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Journal Articles Journal of Soils and Sediments Year : 2015

Origin of trace elements in an urban garden in Nantes, France


Due to their location on old urban sites, impacted by human activities or road traffic, soils in urban gardens are often contaminated with a range of contaminants that could pose health risks. The aim of this study is to determine the origin of high trace element concentrations (arsenic and lead) in an urban community garden. Trace elements were quantified in situ in the topsoil (0–20 cm) of the 95 plots of the garden and in four soil profiles, using a portable X-ray fluorescence spectrometer. The accuracy of the spectrometer results was checked by measuring trace element concentrations by inductively coupled plasma mass spectrometry (ICP-MS) after an acid digestion (HF and HClO4). Leafy and root vegetables were sampled to assess lead transfer in vegetables. The accumulation of lead in vegetables was measured by ICP-MS after an aqua regia digestion. The bioaccessibility of lead was estimated by a calcium chloride extraction. Three anomaly levels could be defined from the mapping of arsenic and lead on the whole garden. The increase of trace elements content with depth, in correlation with pedological/geological characteristics, supports the hypothesis of a geogenic origin of these anomalies. The enrichment of the topsoil is related to the pedogenesis of soil, from micaschists as parent material. The geogenic origin of lead does not prevent its accumulation by vegetables. Although trace element anomalies have generally an anthropogenic origin, some anomalies may also have a natural (geogenic) origin, as shown in this study. The comprehension of lead origin, the mapping of its spatial distribution in the garden and the characterisation of its accumulation in vegetables were used as a basis for operational decisions including soil management. X-ray fluorescence spectrometry is a well-adapted method for this purpose. It allows an in situ and fast semiquantitative investigation on a lot of sampling points, saving time and laboratory analysis cost.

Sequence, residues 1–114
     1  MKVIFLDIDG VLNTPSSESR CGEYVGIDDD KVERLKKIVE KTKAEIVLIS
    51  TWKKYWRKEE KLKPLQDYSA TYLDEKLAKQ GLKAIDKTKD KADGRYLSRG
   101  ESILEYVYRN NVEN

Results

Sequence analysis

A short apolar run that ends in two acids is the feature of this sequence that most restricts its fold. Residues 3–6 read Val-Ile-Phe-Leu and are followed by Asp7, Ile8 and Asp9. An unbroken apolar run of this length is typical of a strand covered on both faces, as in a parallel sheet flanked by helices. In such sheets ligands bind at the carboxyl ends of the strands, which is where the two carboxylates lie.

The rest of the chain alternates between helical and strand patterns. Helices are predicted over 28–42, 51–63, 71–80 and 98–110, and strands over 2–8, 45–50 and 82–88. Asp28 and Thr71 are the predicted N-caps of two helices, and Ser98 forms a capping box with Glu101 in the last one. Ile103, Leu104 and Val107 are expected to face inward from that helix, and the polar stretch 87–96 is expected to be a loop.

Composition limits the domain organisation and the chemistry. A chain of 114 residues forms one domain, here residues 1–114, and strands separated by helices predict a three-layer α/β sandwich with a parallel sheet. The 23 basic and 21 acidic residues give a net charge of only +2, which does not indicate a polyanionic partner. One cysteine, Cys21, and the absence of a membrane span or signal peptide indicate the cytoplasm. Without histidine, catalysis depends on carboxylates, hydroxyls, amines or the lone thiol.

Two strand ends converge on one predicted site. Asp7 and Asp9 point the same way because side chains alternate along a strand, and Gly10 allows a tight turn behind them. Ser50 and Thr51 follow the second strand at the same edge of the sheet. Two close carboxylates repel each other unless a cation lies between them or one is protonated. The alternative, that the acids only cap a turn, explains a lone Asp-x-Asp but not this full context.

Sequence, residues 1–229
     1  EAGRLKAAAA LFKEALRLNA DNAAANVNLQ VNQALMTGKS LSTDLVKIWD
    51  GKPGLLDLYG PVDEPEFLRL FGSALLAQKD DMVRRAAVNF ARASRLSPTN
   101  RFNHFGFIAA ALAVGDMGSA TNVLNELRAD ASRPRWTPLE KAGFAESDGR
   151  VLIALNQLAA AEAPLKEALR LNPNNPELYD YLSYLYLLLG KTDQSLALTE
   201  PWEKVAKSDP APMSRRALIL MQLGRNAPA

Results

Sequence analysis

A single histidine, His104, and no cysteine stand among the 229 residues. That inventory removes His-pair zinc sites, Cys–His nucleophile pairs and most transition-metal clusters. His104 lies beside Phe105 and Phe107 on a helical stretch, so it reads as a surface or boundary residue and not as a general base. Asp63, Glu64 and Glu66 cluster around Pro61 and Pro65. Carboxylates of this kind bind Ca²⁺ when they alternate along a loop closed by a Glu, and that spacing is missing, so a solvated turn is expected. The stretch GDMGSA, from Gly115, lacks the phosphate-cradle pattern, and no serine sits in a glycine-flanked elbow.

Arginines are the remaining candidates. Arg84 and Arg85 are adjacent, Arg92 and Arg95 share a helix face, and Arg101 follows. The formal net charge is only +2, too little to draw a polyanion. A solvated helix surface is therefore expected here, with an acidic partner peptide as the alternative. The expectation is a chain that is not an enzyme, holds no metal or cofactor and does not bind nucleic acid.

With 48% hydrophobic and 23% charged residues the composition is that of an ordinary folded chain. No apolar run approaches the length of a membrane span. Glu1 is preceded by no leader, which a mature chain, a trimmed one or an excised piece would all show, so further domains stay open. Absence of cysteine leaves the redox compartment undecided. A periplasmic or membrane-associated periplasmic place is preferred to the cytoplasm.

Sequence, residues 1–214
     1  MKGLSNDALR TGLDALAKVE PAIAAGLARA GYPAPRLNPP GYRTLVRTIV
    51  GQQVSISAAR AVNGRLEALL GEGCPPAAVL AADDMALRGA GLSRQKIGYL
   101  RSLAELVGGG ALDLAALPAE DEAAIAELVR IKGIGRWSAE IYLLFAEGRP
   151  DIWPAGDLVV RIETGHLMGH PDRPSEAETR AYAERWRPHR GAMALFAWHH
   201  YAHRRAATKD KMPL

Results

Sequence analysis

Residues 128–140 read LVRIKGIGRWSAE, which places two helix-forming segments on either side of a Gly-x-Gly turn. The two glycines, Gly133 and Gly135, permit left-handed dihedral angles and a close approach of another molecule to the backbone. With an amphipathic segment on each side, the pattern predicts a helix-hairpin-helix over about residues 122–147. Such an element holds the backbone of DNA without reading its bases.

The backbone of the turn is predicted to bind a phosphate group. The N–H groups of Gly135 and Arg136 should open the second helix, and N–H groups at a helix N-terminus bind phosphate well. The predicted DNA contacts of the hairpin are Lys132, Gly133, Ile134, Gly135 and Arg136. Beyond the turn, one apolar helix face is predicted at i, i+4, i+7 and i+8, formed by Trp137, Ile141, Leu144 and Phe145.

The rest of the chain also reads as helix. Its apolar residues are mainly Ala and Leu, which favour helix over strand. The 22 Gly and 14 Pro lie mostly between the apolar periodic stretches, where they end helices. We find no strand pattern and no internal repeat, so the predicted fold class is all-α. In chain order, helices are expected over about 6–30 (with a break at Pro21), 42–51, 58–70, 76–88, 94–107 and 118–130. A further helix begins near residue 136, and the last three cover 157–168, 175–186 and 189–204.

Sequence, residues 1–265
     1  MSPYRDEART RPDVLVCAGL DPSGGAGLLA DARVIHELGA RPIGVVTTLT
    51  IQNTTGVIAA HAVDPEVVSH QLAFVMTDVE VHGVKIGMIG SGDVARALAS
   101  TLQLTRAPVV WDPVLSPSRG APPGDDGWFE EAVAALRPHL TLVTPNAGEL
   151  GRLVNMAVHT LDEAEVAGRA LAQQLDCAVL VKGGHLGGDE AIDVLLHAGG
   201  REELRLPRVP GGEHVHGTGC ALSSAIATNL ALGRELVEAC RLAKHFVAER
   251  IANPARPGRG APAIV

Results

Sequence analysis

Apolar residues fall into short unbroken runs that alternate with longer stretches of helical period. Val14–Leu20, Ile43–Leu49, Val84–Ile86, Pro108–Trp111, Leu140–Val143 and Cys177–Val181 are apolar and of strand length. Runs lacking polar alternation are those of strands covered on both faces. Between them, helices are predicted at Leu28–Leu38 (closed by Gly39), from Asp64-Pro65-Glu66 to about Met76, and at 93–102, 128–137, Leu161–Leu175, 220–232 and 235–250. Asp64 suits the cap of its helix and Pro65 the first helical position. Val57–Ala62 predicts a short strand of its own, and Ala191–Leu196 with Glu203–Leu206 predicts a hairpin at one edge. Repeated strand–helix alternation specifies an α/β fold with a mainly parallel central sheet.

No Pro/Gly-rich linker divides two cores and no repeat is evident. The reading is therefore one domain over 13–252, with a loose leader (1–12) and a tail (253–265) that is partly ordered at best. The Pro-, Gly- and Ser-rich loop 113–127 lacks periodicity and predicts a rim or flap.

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Dates and versions

hal-01400668 , version 1 (22-11-2016)



Liliane Jean-Soro, Cécile Le Guern, Béatrice Bechet, Thierry Lebeau, Marie-France Ringeard. Origin of trace elements in an urban garden in Nantes, France. Journal of Soils and Sediments, 2015, 15 (8), pp.1802 - 1812. ⟨10.1007/s11368-014-0952-y⟩. ⟨hal-01400668⟩
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